Easter Cooking Fest

27 Apr

With the work I have lined up for the guys, chores around the house, the doggers, family drama, and way too much cooking to do; somehow I have found time to share my exploits.  Actually, I wanted to do some free writing and spill some thoughts out of my head, that will have to wait for another day.  So….

Easter.

Fluffy bunnies, eggs, peeps, candy, Jesus, more candy, chicks, peanut butter eggs, ham, lamb, and _____ fill in what else evokes the image of easter.  For me and my Polish heritage it is a large lunch, blessing of the basket and some sort of edible food shaped as a lamb.  Normally there would be a cold kabanosy and a hot keilbasa, potatoes, borscht, ham, new potatoes, two crazy chopped  salads (i don’t eat them), horseradish, and bread.  Oh, how can I forget the butter lamb and then for dessert the lamb shaped babka.  Now that I am in the city with Mr. Big and the doggers I am not headed home for the holiday.  I will fend for myself.

My cooking-fest started a week back with the infamous house smoked ham.  So delicious!  Besides the ham I will set up the table for 2 to include spring peas, new potatoes, miseria (cucumber and sour cream salad), deviled eggs, potato/onion/cheese pierogi, horseradish, maybe some duck, and my cannoli cheesecake.  That is the feast including a glass of wine.

The highlights i’d like to share of the feast are the deviled eggs.  I did not get into deviled eggs until I got into culinary school and Chef Loving taught us how to prepare them in breakfast class.  The recipe he had us use was great.  It was a combination of cream cheese, butter, vinegar, s&p, cayenne, the pressed yolks, and dried mustard.  Wow.  I was surprised  by the eggs.  Why?  Well, I am an egg white girl always have been.  Not saying I dislike yolks, but I did not enjoy their yolky flavor.  Ordering eggs over hard was and still is the norm for breakfast, but now I eat the yolk.  If they come out underdone I would have to create a dam or try not to puncture the yolk.  Just was not my thing.

My yolk complex is not quite over, but I do enjoy a poached egg with, yes a hollandaise sauce. Hah.  Or on a perfect lardon salad.  There is something about the egg and it’s richness that I love and despise at the same time.  I will figure it out one day.  Back to the deviled eggs.  What I discovered in culinary school was my love of acid and how fat is really good friends with it.  The first batch of deviled eggs I made I put too much vinegar in and I loved it.  The acid lifted the rich fatty-ness of the yolk and matched my love of the white.  The butter and cream cheese assisted in my appreciation of this dish.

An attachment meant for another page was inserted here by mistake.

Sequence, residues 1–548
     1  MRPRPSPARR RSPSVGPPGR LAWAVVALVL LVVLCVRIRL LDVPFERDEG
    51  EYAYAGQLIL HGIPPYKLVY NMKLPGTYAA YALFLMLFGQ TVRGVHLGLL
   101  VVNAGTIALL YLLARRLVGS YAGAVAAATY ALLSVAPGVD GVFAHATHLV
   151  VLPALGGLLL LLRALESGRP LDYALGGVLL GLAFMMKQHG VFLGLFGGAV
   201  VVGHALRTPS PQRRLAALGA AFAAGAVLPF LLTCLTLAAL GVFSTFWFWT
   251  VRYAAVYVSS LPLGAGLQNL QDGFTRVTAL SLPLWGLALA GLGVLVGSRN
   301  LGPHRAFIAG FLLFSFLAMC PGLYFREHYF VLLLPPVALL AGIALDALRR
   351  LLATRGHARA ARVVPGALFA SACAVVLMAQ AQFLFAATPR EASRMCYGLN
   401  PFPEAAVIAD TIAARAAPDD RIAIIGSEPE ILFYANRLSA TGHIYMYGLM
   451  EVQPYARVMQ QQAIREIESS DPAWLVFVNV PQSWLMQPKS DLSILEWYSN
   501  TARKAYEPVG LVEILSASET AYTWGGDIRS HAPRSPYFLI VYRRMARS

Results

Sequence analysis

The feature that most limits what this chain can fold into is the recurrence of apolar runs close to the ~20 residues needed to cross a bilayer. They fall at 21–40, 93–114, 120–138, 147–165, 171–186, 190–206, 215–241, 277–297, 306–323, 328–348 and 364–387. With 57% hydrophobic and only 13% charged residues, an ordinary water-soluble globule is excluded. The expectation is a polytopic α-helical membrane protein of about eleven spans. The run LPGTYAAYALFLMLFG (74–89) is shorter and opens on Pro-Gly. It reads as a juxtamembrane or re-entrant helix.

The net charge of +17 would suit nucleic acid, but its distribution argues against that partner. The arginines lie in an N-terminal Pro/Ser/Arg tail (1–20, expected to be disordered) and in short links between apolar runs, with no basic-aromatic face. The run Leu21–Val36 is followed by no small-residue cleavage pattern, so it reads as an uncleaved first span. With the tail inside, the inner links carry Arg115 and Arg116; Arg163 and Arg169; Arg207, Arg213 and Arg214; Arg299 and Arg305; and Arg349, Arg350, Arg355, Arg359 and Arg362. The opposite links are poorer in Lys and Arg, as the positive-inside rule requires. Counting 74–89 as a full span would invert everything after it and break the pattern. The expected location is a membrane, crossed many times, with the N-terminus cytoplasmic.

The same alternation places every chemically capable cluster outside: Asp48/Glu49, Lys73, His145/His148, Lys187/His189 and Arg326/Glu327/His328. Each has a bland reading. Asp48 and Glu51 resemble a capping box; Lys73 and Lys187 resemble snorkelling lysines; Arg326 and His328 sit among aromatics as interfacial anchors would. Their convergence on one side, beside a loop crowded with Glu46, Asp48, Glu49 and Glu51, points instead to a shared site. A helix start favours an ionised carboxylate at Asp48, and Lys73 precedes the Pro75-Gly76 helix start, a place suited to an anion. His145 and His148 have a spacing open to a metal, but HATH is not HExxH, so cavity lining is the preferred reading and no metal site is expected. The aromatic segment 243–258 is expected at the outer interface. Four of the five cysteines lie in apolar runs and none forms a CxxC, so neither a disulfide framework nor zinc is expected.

The other day when I was making the eggs I did not want to buy cream cheese.  I rarely use it.  I had to think on my toes and I selected my double cream brie cheese.  Why?  One has to think about the functionality of the ingredient you do not have or want to omit.  You need to identify what ingredient does in the dish.  What is it’s role or function, especially if it is a base ingredient.  This sounds like idea of substitutions is going to lead to more egg adventures in the kitchen.  A deviled cobb egg, BLT egg, blue cheese, sweet yolk, and more…. Who knows some more ideas will come up.  Plus, curlers seem to really like deviled and pickled eggs and Mr Big likes the deviled eggs I make because they are not runny.  Oh well, easter has come and gone.  Now we need to eat all the leftover food.  Enjoy.

Fall Back Deviled Eggs

Yield 8 halves

4 eggs

2 tablespoons unsalted butter, room temperature

2 tablespoons brie, room temperature, no rind

1/2 teaspoon Dijon mustard

1/2 teaspoon champagne vinegar

Salt & Pepper to taste

  1. Hard boil the eggs.  The quickest way for me is place the eggs in a pot, cover with water, and bring to a boil.  Once a boil is reached turn off the heat and place a lid on the pot.  It should take about 8-10 minutes for the eggs to reach the hard boiled state.  If you have another technique that works use it.  There are many.
  2. Once cooked, peel the eggs, and slice lengthwise.  Pop out the yolks into a small bowl.  Clean out the whites with a damp towel.
  3. With a fine mesh colander press the yolks though it.  Now you will have fluffy yolk particles.
  4. In a small bowl mash together the brie and the butter, until well incorparated and creamy.  Add the yolk, mustard, vinegar, and mix.  You should have a paste like filling.  Taste and season it as you wish with salt, pepper, and cayenne.
  5. Arrange the egg whites in a line on the cutting board.  Using a small pastry bag and with a star tip, fill the pastry bag with the yolk filling.
  6. Begin to pipe the yolk filling into the egg whites where the yolk used to be.  Fill all the eggs with the yolk, you may have extra yolk filling.
  7. Garnish as desired, with a caper, some dill, roe, or other plush of herb.
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